General reductions in lubricant viscosities in many machine components mean that the role of lubricant additives in forming tribofilms has become increasingly important to provide adequate surface protection against scuffing. However, the relationship between scuffing and the formation and removal of tribofilms has not been systematically demonstrated. In this study, a step-sliding speed scuffing test based on contra-rotation using MTM-SLIM and ETM-SLIM has been employed to observe concurrently tribofilm thickness and the onset of scuffing. The initial sliding speed used was found to significantly affect scuffing performance since it determines the extent to which a tribofilm can form before critical sliding speed conditions are reached. In general, additives that formed thicker tribofilms, especially ZDDPs and triphenyl phosphate, gave effective protection against scuffing, though their protective tribofilms were progressively removed at higher sliding speeds, eventually resulting in scuffing.

  • Journal article
    Yu M, Evangelou S, Dini D, 2022,

    Parallel active link suspension: full car application with frequency-dependent multi-objective control strategies

    , IEEE Transactions on Control Systems Technology, Vol: 30, Pages: 2046-2061, ISSN: 1063-6536

    In this article, a recently proposed at basic level novel suspension for road vehicles, the parallel active link suspension (PALS), is investigated in the realistic scenario of a sport utility vehicle (SUV) full car. The involved rocker-pushrod assembly is generally optimized to maximize the PALS capability in improving the suspension performance. To fully release the PALS functions of dealing with both low- and high-frequency road cases, a PID control scheme is first employed for the chassis attitude stabilization, focusing on the minimization of both the roll and pitch angles; based on a derived linear equivalent model of the PALS-retrofitted full car, an H∞ control scheme is designed to enhance the ride comfort and road holding; moreover, a frequency-dependent multiobjective control strategy that combines the developed PID and H∞ control is proposed to enable: 1) chassis attitude stabilization at 0-1 Hz; 2) vehicle vibration attenuation at 1-8 Hz; and 3) control effort penalization (for energy saving) above 10 Hz. With a group of ISO-defined road events tested, numerical simulation results demonstrate that, compared to the conventional passive suspension, the PALS has a promising potential in full-car application, with up to 70% reduction of the chassis vertical acceleration in speed bumps and chassis leveling capability of dealing with up to 4.3-m/s² lateral acceleration.

  • Journal article
    Chennaoui M, Fowell M, Liang H, Kadiric Aet al., 2022,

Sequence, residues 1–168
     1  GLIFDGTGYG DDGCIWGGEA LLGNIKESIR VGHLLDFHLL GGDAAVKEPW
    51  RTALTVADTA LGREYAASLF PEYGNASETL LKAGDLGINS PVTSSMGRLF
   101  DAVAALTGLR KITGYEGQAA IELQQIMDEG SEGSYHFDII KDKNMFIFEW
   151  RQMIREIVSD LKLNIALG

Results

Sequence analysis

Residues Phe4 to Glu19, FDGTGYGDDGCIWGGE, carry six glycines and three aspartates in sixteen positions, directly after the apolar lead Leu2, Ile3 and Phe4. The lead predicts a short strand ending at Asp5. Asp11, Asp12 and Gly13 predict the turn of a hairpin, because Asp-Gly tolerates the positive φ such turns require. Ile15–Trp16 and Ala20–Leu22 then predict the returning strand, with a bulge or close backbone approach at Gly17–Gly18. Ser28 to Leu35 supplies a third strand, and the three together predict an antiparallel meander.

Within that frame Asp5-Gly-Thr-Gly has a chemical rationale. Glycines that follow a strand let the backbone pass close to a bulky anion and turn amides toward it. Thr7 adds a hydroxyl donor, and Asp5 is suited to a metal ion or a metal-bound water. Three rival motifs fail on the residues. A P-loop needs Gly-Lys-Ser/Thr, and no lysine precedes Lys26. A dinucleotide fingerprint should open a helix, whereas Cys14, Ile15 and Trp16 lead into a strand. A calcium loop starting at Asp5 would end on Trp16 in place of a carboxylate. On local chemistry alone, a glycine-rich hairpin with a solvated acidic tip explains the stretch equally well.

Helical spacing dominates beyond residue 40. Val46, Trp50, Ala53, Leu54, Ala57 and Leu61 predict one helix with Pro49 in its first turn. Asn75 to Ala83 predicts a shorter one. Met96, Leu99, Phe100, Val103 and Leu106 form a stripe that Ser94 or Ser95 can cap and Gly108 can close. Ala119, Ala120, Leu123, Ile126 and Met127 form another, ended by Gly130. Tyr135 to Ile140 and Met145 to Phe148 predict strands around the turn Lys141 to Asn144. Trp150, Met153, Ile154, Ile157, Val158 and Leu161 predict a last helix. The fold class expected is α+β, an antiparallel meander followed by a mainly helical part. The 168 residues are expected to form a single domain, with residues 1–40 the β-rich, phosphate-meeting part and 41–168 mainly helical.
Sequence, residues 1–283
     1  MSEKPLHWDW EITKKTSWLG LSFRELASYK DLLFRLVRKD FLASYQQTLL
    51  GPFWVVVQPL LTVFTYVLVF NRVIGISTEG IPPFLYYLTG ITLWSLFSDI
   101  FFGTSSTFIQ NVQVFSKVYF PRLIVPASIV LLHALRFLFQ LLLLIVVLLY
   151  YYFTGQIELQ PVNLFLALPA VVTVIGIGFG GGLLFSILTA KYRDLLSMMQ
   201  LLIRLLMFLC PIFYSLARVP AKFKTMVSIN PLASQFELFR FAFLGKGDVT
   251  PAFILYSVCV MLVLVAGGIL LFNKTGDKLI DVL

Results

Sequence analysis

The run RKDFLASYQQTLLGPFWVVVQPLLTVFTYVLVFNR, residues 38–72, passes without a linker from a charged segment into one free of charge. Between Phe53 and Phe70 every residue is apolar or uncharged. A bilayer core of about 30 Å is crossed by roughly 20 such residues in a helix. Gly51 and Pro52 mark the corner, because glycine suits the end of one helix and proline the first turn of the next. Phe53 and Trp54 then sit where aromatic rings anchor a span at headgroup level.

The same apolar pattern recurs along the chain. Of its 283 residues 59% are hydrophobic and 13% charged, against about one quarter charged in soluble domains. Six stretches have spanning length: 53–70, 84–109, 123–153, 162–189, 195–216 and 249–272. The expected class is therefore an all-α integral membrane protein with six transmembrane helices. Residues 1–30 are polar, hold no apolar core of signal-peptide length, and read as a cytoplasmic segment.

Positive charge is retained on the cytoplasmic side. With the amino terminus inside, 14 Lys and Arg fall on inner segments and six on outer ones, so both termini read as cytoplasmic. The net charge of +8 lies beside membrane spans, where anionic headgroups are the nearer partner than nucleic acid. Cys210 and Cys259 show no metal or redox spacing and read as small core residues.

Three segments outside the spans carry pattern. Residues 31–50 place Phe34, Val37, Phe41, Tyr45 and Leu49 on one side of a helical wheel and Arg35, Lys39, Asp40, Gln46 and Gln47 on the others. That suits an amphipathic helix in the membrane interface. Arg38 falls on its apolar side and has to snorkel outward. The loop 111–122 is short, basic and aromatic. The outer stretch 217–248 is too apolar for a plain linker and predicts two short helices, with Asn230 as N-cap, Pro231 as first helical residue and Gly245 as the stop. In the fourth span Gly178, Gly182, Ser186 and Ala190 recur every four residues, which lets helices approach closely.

A novel set-up for in situ measurement and mapping of lubricant film thickness in a model rolling bearing using interferometry and ratiometric fluorescence imaging

    , Tribology Letters, Vol: 70, Pages: 1-17, ISSN: 1023-8883

    This paper describes a unique experimental set-up constructed for studies of lubricant behaviour in an operating rolling element bearing including in situ quantitative measurements of film thickness in and around the element-raceway contact. The set-up is based on a deep groove ball bearing in which the outer race is made of sapphire to allow full optical access to the zone in which the rolling elements are loaded against it. This allows direct imaging of lubricant films under both steady-state and transient conditions and at contact pressures and rotational speeds representative of those present in real rolling element bearings. Optical interferometry is used to measure thin EHL films inside the ball–raceway contacts while a specific laser induced fluorescence approach, referred to as ratiometric fluorescence, is implemented to observe the lubricant distribution and quantify its thickness ahead of the ball–raceway contact. Results are presented to validate the accuracy of the method and to investigate the influence of bulk lubricant viscosity and bearing speed on contact film thickness, inlet starvation and lubricant distribution around the ball–raceway contact. To the best of our knowledge, the work described here is the first to directly measure lubricant distribution and EHL film thickness in a ball–raceway contact in an operating radial rolling bearing.

  • Journal article
    Zhang X, Scaraggi M, Zheng Y, Li X, Wu Y, Wang D, Dini D, Zhou Fet al., 2022,

    Quantifying Wetting Dynamics with Triboelectrification